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BANAM-RI, Gangwon - On a gentle slope above a coastal road here, five hours east of Seoul, a stately, pillar-like tombstone stands at the edge of a pine clearing. Though the marker offers several details about the life of a celebrated South Korean, much of the information, including the dates of the deceased's birth and death, and even his name, contradicts what the public knows.

Few people visit the grave because few know where it is, also odd since the marker honors a man who has become a folk hero in Korea, the subject of a new movie later this spring, the second film about his life.

The boxer Kim Duk-koo, who rests in this fishing village with a population of 240, was barely known in Korea until he died in the desert of the United States two decades ago. Years later, and after a good deal of speculation, few seem to know much about Kim.

This much is certain: On Nov. 17, 1982, Kim Duk-koo died from a blood clot in his brain the size of a cell phone. Four days before his death he had spent 40 savage minutes in a Las Vegas, Nevada, prizefight with Ray Mancini, battling for the World Boxing Association's lightweight championship. Millions of viewers saw Kim go down in the 14th round of that fight, struggle to get up, then fall back into eternal blackness. Kim's tombstone says he was 23 when he died, but other documents show he was 26. School records indicate he was 27. His marker identifies him as Lee Deuk-gu. Many in this impoverished hamlet, his hometown, had no idea what Kim did for a living until his final fight. His mother, buried nearby, had only learned her son had gone abroad to box as he lay on his deathbed.

Who was Kim Duk-koo and why all the mystery?

Banam-ri holds few answers; just his remains. Kim's half brother runs a motel here but he isn't talking. Other relatives have scattered and refuse to speak of the boxer.

In Goseong, just down the road, a childhood friend, Kim Mun-sik, says, "Kim Duk-koo was so poor. He was always hungry. Most of the time he came to elementary school without breakfast."

His mother pried seaweed off the coastal rocks and sold the stuff in the street as a means of supporting Kim and an extended family. As hard as those times were, Kim Mun-sik remembers that his friend used to carry a blind classmate on his back to school and home every day, four kilometers each way. The recollection causes Kim Mun-sik to frown in a search for answers. "Kim was good-hearted, but being poor, having problems at home, I think it all embarrassed him. He had trouble expressing his feelings."

In the early 1970s,when he was 14 or 15, Kim disappeared. Five years later, Kim Mun-sik ran into his friend at the bus terminal in Goseong. "He had a purple bruise over his eye. I had no idea he was a boxer and he didn't mention it. He told me he worked in a factory in Seoul."

He had gone to Seoul to find a better life, to forget. Skinny but ambitious, in the capital he shined shoes, sold chewing gum, served as a baker's assistant. One night in 1974 he passed by the window of an appliance store. A television was showing one of the first boxing matches to be aired in Korea, a title fight in the Philippines. The Korean boxer was a junior lightweight named Kim Hyun-chi. Kim Duk-koo had fought kids back in Banam-ri, had taken on anyone who made fun of his blind friend, or teased Kim about the tattered clothes he wore or the three husbands his mother had had. Though smaller than others, Kim could hold his own. Something immediately clicked: People earned money boxing. A year or so later he heard that Kim Hyun-chi, the guy on TV, ran a gym, Dong-a gym, in Noryangjin-dong. He went there and said he wanted to learn to box. Kim Hyun-chi was trying to keep his own fading career alive. Besides, there were a lot of boxers in the gym, many who seemed more promising. This kid from the country, a lefthander and so very raw, didn't get the gym owner's attention.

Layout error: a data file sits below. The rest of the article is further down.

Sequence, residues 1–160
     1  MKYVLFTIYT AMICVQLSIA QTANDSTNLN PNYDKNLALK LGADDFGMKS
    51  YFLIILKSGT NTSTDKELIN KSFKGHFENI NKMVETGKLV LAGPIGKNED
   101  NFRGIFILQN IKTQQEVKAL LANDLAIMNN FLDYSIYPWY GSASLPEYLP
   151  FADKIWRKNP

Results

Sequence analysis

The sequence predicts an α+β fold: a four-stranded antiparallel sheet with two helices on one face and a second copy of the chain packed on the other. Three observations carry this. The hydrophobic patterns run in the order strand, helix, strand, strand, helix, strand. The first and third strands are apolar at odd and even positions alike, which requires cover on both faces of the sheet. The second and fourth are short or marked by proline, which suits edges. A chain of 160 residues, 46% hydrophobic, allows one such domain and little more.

To compensate, Kim worked harder than anyone. He had a small room in Noryangjin, but he hung out in the gym for hours, slept there some nights.

Doesn't that kid have a home? Kim Hyun-chi asked a trainer.

No, he was told, he's a goa, an orphan.

Kim's youth, a childhood chum thinks, was so miserable that he later pretended it didn't exist. His father, Lee Dong-seok, died when Kim was 1 and the parade of stepfathers, one of whom gave him the name Kim, the squabbles with his new half brothers, the penniless existence and an increasing detachment by his mother brought bad memories.

After an amateur record of 29-4, Kim turned professional in 1978, and Kim Hyun-chi agreed to manage him. The kid had grown by now, gained some expertise and was beginning to establish himself as a scrappy fighter. Kim Hyun-chi didn't think he could be a champion, though. Oh, maybe champion of Korea, but not more. Even so, the manager noticed that Kim had something few fighters had: an absolutely fierce - at times frightening - determination. He was like one of those small wind-up toys, only someone had thrown away the key.

Kim Hwan-jin, Kim Duk-koo's pal at Dong-a gym, also recognized this internal drive. If other boxers ran around Dongdaemun Stadium 10 times in training, Kim Duk-koo would run 20 times. Kim set dead aim at being Korean champion, says Kim Hwan-jin, and in 1980, he won that crown. Two years later, completely focused, he became Asian lightweight champion, a title he successfully defended three times.

In 1982, the Dong-a gym moved to Toegye-ro, to the third floor of an office building. In a business on the floor above, a pretty young girl named Lee Mi-young worked as an assistant. "He used to go back and forth to the fourth floor," remembers Kim Hwan-jin. "Next thing I knew, the girl was pregnant."